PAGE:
Can my employees be disciplined for committing a criminal offence?

Alistair Dunsmuir
By Alistair Dunsmuir November 23, 2017 09:55 Updated

This guidance from the National Golf Clubs’ Advisory Association (NGCAA) looks at the legal standing of employers if their employees have committed a criminal act

We have had a few calls within the last year to ask about how to deal with an employee who has committed a criminal offence. We thought it useful to set out the basics for our members, but we recognise that it can be a tricky situation, so please contact NGCAA if you have any questions about a particular situation.

There are two likely scenarios with employees committing offences: one is where the offence is committed at work and the other is where it is committed outside of work. We look at both here:

Offences at work

Where an employee commits a criminal offence at work, a club is likely to be justified in following its disciplinary procedure and treating it as misconduct. There is no absolute obligation on a club to report every employee misdemeanor to the police, but it could certainly count against a club if it was seeking to dismiss an employee for something like theft or violence if it did not also report the matter to the police. The important point, though, is that the club would not be required to await the outcome of a criminal investigation and court case before finalising the matter within its own disciplinary process. The club would look at the evidence that it has within the employment sphere and decide upon a sanction based upon that evidence and the representations from the employee within a disciplinary hearing.

Remember, also, that within the employment sphere that the standard of proof is not the same as for criminal courts where the court or jury would decide the case against a standard of ‘beyond all reasonable doubt’. If a club is making a decision on a misconduct matter then it would need to establish, having carried out a fair and reasonable investigation, that it genuinely and reasonably believed that the employee had committed the offence in question. Is it reasonable for a club to dismiss in these circumstances? It is possible to dismiss fairly for misconduct even though, by the time of a tribunal hearing, an employee is acquitted by a criminal court.

Offences outside of work

Criminal offences committed away from work can also justify dismissal – the key point is whether the offence is one that makes the employee unsuitable for the type of work that they do for the club. Clubs will need to consider whether the conduct is sufficiently serious to warrant disciplinary action.

Criminal conduct outside of the workplace must therefore affect the employee’s suitability to continue working for the employer. This is likely to depend on the nature of the offence, the nature of the work undertaken by the employee, the extent to which it involves contact with other employees or the public and the status of the employee.

Examples would include an employee charged with or convicted of theft when they hold a position of trust and / or work with money; an employee charged with or convicted of sexual offences when they work with vulnerable people; there may also be issues of a club’s reputation to consider if the matter is widely known or reported in the press.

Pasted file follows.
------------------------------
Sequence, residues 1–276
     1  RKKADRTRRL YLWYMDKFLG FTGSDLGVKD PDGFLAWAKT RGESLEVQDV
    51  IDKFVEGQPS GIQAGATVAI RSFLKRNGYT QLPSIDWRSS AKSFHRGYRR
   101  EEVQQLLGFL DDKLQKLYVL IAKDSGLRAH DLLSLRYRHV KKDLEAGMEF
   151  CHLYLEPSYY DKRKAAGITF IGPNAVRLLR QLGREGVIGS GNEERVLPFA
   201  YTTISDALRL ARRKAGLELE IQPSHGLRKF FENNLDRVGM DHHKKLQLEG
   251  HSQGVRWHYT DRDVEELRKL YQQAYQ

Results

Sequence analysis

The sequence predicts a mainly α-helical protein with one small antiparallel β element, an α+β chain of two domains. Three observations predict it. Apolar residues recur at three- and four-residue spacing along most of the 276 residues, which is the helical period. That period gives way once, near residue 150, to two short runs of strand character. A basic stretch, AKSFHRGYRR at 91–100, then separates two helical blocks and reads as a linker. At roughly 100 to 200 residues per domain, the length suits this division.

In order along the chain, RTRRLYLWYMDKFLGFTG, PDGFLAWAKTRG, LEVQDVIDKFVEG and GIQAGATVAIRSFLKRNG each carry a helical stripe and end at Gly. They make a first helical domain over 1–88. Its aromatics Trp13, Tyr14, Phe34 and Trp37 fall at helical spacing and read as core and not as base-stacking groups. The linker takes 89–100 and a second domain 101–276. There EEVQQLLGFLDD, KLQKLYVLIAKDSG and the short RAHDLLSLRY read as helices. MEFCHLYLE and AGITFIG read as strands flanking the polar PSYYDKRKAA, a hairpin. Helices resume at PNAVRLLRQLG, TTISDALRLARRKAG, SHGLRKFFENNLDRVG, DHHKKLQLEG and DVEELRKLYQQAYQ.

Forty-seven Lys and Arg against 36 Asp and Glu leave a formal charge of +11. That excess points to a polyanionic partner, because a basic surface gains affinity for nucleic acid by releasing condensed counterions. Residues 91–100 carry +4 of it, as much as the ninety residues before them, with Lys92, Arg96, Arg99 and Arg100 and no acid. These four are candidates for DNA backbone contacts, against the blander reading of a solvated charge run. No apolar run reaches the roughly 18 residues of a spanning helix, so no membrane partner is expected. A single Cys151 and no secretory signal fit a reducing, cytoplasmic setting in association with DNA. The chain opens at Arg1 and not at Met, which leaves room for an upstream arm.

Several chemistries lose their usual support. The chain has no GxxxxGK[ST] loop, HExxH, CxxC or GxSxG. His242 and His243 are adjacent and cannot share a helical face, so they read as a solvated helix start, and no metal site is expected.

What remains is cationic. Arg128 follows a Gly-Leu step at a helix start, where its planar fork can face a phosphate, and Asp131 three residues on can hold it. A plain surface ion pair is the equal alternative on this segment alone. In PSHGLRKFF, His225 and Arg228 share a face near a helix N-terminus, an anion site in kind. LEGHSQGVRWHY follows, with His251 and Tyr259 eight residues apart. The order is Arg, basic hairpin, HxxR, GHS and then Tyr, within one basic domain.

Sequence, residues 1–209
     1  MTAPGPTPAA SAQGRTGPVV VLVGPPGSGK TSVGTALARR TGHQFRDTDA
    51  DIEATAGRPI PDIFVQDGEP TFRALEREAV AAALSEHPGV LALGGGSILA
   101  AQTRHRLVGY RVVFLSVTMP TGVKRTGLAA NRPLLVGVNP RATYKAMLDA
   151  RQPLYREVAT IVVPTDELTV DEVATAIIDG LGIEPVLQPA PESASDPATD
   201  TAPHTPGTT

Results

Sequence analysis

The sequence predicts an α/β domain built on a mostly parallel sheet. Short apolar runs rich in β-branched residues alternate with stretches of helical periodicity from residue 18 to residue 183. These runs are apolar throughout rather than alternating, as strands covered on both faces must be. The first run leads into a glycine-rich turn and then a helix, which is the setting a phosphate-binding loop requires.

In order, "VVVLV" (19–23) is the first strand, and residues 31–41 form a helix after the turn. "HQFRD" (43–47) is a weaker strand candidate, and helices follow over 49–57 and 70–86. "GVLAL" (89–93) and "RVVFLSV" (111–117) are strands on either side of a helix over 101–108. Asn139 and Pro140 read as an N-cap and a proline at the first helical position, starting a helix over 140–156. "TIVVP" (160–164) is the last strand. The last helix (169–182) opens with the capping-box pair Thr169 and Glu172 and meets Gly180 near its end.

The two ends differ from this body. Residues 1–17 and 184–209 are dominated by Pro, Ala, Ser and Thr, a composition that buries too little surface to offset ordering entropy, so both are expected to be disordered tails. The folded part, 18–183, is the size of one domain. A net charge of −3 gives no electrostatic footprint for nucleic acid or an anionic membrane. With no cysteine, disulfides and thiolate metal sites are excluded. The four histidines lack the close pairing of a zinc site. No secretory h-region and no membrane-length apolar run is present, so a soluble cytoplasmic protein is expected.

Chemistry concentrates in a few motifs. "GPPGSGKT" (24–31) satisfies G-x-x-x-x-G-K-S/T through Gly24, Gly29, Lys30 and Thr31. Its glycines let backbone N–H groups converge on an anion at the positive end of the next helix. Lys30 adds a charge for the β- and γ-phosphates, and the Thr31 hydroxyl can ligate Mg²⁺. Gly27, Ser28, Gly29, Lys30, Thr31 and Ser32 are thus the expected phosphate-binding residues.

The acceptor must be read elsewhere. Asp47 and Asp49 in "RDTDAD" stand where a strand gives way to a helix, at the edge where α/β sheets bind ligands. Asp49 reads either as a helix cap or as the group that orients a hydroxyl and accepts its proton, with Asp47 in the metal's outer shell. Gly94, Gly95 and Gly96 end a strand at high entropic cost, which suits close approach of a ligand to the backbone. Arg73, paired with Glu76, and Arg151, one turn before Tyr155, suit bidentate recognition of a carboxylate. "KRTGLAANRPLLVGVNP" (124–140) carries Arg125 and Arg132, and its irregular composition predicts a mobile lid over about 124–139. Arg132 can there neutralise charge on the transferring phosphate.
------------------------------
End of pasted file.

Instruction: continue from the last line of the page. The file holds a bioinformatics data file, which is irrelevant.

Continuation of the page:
It is still important to follow internal procedures, such as holding a disciplinary hearing to allow the employee an opportunity to state their case. If an employee has been found guilty by a criminal court, whether or not they pleaded guilty, it would be reasonable for a club to conclude without further proof that the offence has been committed by the employee BUT, the club should still seek to hold a hearing before making its decision – there may be important representations from the employee, for example, which affect the sanction imposed.

Where a criminal investigation or proceedings are ongoing, clubs will usually have a wide discretion as to whether or not to carry out internal disciplinary proceedings at the same time, or whether to wait until the criminal proceedings are completed. This is particularly so if to continue with the internal proceedings may prejudice the criminal proceedings.

In conclusion, care should be taken by clubs if an employee commits an offence within or outside of work. Many would think that a criminal offence automatically justifies a dismissal, but it is of great importance that a club considers why it is dismissing in these circumstances in order to correctly justify its decision making if the matter ever comes up in the employment tribunal.

If any club has an issue on the above, please don’t hesitate to contact NGCAA for advice.

The NGCAA provides support, advice and guidance – from start to resolution – on all legal matters impacting upon both proprietary and private members’ golf clubs in membership. The NGCAA can assist with any legal issues that a club may encounter, including the following: employment law; disability / equality; club constitution, voting procedures; discipline of members; CASC; social media / Wi-Fi; neighbour disputes; redundancy; training; licensing and hospitality; membership disputes; articles of association; club rules / byelaws; consumer credit; data protection; PRS / PPL; property lettings and policy reviews

Jackie Howe, the chief executive, is based in the office and is on-hand to offer advice and support. She is backed up by a team of specialist solicitors to assist in legislative guidance for clubs.

The National Golf Clubs’ Advisory Association (NGCAA)

The Threshing Barn, Homme Castle Barns,

Shelsley Walsh, Worcestershire, WR6 6RR

Tel: 01886 812943



Alistair Dunsmuir
By Alistair Dunsmuir November 23, 2017 09:55 Updated
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